Confidence at lowest point for six years, forecasters say
The UK needs to prepare itself for a weaker economic performance, two major forecasting groups warn in the latest studies predicting the downside of Brexit.
Fragile business sentiment, political uncertainty and squeezed consumer budgets have led to business confidence falling to its lowest level for six years, the economic consultancy IHS Markit reports.
The EY Item Club, meanwhile, said economic growth will continue to weaken this year amid a Brexit consumer spending squeeze and muted earnings growth, as it downgraded its forecasts.
Chris Williamson, chief economist at IHS Markit, said: “Companies have become increasingly worried about the business outlook, largely as a result of heightened political uncertainties and the potential impact of Brexit.” He added: “The drop in confidence pushed the level of UK optimism below that seen in the eurozone for the first time in seven years, and contrasts with multi-year high levels of optimism in the United States and Japan. As such, the survey results suggest the UK is at risk of falling behind in an otherwise solid-looking global economic outlook.”
IHS said the “net balance” of UK firms expecting a rise in business activity over the next 12 months stood at +35% in June, markedly down from +52% in February and the lowest reading since October 2011.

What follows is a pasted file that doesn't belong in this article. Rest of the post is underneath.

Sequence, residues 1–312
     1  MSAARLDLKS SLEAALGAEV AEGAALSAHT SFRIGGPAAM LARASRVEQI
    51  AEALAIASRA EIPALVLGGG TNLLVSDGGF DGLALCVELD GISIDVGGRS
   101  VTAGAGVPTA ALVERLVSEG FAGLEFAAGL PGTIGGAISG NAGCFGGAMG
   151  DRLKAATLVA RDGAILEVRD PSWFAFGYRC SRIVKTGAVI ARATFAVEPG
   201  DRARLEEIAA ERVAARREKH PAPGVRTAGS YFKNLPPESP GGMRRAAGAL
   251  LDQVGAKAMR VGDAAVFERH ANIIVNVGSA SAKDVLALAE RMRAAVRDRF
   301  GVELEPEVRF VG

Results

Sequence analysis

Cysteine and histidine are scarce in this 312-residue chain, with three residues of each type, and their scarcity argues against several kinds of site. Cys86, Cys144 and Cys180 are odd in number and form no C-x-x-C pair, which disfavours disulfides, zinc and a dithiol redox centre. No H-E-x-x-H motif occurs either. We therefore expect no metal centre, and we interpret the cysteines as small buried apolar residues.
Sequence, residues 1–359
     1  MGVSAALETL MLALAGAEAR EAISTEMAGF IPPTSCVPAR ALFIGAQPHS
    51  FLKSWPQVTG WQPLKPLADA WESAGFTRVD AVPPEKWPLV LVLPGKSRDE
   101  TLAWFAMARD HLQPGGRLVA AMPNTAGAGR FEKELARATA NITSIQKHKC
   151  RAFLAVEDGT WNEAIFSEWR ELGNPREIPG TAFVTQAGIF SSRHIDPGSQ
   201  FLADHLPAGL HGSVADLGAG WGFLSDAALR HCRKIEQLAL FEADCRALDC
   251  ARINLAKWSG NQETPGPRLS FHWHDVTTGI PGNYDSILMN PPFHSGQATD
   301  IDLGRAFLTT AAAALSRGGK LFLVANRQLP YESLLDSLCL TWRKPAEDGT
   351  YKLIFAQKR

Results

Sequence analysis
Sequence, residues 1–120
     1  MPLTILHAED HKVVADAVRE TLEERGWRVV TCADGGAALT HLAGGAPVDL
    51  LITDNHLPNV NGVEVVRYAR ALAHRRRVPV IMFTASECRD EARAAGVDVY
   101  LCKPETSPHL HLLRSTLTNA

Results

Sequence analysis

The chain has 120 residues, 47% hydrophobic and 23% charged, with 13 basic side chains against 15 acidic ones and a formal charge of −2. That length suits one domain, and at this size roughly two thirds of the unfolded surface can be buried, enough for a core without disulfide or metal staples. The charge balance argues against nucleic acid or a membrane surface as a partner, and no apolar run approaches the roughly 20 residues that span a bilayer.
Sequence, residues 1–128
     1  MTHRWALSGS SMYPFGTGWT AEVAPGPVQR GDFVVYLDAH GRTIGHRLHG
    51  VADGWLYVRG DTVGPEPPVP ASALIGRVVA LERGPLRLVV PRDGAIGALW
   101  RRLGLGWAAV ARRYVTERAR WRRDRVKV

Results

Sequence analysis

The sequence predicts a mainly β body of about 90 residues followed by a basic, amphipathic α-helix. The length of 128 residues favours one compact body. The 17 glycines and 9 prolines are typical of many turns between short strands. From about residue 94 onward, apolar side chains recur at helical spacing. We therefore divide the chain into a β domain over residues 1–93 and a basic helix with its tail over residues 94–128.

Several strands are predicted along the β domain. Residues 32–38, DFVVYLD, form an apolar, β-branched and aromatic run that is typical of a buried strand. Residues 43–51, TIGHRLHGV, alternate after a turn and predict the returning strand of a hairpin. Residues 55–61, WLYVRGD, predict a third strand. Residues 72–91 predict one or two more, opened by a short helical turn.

The services sector recorded a score of +32%, while more optimistic manufacturing companies, who are hoping for gains in new export markets, scored a balance of +49%.
The EY Item Club nudged down its forecast of GDP growth from 1.8% to 1.5% in 2017, saying that the UK economy has deteriorated since April.
Peter Spencer, the group’s chief economic adviser, said: “The outlook for this year has deteriorated since our spring forecast.” He warned that consumer spending, the economy’s main engine of growth, will continue to lose momentum as the pound’s collapse since the Brexit vote stokes inflation. “The inflationary squeeze on consumers has been painful and shows little sign of easing any time soon,” he said.
Sterling’s sharp drop is yet to fully feed through to the consumer prices index, with inflation expected to reach 3.2-3.3% this autumn – well ahead of the growth in average earnings.
Real household disposable income is forecast to fall 0.2% this year, before recovering by 1.1% next year, while with the household saving ratio at a record low of 1.7% in the first quarter, consumers will have limited scope to mitigate the impact. EY expects consumer spending growth to slow from a nine-year high of 2.8% in 2016 to 1.9% this year and 1% in 2018.